State officials have warned 60 school districts to cut their budgets, including area districts Alta, Aurelia, Laurens-Marathon and Pomeroy-Palmer, all projected to overspend their budgets for fiscal 2009.
But local schools leaders say that news does not fully reflect their current efforts to trim spending while protecting the quality of education for their students.
Two districts in the region are reportedly in even more serious straits with two straight years of projected deficits, according to the State Department of Education. Spirit Lake and Okoboji have both been in a deficit spending situation for two straight fiscal years. The Okoboji district is projected with a budget shortfall of over half a million dollars this fiscal year, while Spirit Lake is in a deep projected $1.3 million hole for fiscal 2009 after falling over a half million short for fiscal 2008.
Schools are required by law to operate within their approved budgets, and can be shut down for repeatedly failing to do so.
Iowa Department of Education officials say they sent letters to school districts on track to overspend in the upcoming year.
Most on the list are small school districts. But the list includes some large districts such as Urbandale and Dubuque.
State records show 17 of Iowa's 364 districts overspent their budgets in the 2006-07 school year. Twenty-two were expected to overspend in 2007-08, and 60 are on the list for 2008-09.
"It was meant to be informational and nonthreatening," said Joyce Thomsen, a financial consultant at the education department. "I just sent the letters out in case they hadn't recognized it."
Alta, with 573 students, was listed at a $113,842 projected deficit for fiscal 2009. The district is one illustration that the list does not tell the complete story.
"We know it is there, and we have taken proactive steps to deal with it," Alta School Board President Val Rosenthal says. "We did have some staff reductions, some early retirements, and looked at reducing supplies costs and transportation costs - we know fuel is going to be an issue this year."
However, the district had not received the warning letter from the state, and Rosenthal says that in light of recent efforts in Alta, she does not feel the overspending projection is completely accurate.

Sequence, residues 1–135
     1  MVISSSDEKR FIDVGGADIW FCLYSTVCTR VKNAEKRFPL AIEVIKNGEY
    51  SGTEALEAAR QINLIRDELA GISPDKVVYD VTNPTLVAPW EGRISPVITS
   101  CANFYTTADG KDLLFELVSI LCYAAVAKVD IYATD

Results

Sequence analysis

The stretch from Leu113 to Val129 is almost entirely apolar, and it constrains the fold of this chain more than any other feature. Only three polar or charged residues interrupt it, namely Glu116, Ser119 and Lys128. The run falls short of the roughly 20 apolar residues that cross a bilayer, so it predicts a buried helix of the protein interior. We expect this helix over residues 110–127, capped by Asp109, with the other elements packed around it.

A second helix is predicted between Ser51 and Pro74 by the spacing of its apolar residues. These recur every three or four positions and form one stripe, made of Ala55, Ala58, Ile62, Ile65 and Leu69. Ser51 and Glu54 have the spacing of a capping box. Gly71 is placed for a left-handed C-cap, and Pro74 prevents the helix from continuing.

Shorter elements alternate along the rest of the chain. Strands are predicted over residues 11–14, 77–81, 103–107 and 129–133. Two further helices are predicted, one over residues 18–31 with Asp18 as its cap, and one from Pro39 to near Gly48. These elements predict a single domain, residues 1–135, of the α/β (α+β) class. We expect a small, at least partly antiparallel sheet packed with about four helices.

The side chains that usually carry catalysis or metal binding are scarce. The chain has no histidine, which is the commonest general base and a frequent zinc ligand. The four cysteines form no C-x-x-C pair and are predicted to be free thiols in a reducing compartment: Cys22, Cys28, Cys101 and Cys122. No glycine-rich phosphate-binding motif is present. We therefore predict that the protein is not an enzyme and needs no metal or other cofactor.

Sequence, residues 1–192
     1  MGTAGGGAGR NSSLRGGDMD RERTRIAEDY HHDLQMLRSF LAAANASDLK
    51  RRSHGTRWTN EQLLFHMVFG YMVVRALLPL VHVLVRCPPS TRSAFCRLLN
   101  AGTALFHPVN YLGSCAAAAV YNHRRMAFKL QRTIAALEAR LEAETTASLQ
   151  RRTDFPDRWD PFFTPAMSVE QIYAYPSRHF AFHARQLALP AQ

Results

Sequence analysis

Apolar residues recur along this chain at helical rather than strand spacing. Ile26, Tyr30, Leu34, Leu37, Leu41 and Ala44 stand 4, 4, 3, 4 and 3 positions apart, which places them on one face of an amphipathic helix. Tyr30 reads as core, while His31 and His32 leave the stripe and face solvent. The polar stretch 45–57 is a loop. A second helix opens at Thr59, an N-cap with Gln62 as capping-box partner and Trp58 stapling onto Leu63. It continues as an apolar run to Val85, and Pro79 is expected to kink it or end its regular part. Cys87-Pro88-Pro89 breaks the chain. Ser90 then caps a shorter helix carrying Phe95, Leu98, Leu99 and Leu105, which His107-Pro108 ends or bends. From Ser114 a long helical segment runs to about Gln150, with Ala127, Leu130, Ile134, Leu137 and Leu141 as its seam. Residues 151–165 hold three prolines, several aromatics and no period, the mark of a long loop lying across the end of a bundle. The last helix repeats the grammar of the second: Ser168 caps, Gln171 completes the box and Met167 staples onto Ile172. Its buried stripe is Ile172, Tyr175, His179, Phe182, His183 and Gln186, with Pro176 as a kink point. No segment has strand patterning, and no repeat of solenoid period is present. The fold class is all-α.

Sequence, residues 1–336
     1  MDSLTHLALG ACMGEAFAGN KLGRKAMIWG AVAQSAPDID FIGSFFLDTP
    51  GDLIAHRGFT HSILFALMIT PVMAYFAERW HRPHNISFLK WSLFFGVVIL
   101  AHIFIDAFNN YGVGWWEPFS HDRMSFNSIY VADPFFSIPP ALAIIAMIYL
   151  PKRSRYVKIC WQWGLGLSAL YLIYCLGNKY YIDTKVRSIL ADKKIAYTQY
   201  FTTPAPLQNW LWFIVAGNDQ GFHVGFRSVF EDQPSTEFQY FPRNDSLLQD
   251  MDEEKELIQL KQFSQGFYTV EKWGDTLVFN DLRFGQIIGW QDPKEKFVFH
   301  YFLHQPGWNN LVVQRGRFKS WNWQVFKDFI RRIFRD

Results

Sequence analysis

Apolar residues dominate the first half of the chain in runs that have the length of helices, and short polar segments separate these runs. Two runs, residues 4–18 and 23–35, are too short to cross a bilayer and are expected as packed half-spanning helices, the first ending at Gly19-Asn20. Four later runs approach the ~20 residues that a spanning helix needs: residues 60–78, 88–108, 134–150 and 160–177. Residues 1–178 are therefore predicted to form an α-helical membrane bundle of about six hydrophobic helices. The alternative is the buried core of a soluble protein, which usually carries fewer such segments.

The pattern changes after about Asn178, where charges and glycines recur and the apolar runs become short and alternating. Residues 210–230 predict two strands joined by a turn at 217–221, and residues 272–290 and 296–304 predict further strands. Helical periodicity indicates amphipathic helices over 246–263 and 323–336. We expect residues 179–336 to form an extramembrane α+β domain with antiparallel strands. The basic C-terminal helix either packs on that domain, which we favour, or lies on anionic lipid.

"We are concerned that people will hear about this and think these schools are going broke," said Alta Superintendent Fred Maharry. "In Alta, we actually have a positive unspent balance of $850,000 right now. Do we have to watch our spending for the coming year closely? Very much so, but this list tells only part of the story. We have been working two, two-and-a-half years on this. We brought in a very good financial consultant to help, and we have cut $327,000 for fiscal 2009."
It appears that the state based its projections on an average of spending over the past three years plus a percentage figured for cost increases.
While that's not a bad estimating tool, it doesn't reflect all that is being done, Maharry said.
In Alta for example, both the teaching staff and the administration this year voluntarily requested no pay raise aside from insurance adjustments, according to the board president.
"They really stepped up and recognized that by finding a way to save some money, they could save a couple of positions," Rosenthal said.
Maharry also notes that the state allowable-growth funding itself has not kept pace with schools' actual costs for utilities, fuel and other needs.
Elsewhere in the area:
* Aurelia with 298 students was listed at a $13,874 projected deficit.
* Laurens-Marathon with 442 students is listed at a $523,881 deficit.
* Pomeroy-Palmer with 220 students is listed at a $406,883 deficit.
Many of the Iowa districts on the list are blaming rising teacher salaries and skyrocketing fuel costs for budgetary woes. Some say they may resort to layoffs to trim the spending for the coming year. Salaries commonly make up 80 percent of district budgets, and while student populations have fallen for many rural districts, staff size may not have.
"A lot of the issues I've seen in schools is, you've got a 300-kid district that's staffed for 500 kids," said Larry Sigel, school finance director of the Iowa Association of School Boards.
Last year, legislators gave the state Board of Education authority to close school districts that have been overbudget two years or more.
The board's first action was to close the tiny southern Iowa community of Russell's financially troubled school district. The town's 120 students will enroll in nearby districts this fall.
The West Bend-Mallard school district might have barely escaped being next to suffer that fate. With an $850,000 deficit, the district was told in June that they had only weeks to raise the money. The district reportedly slashed another $400,000 from their budget this month, eliminating the high school principal position, and making the superintendent and several teachers part-time. The principal and superintendent both resigned this spring.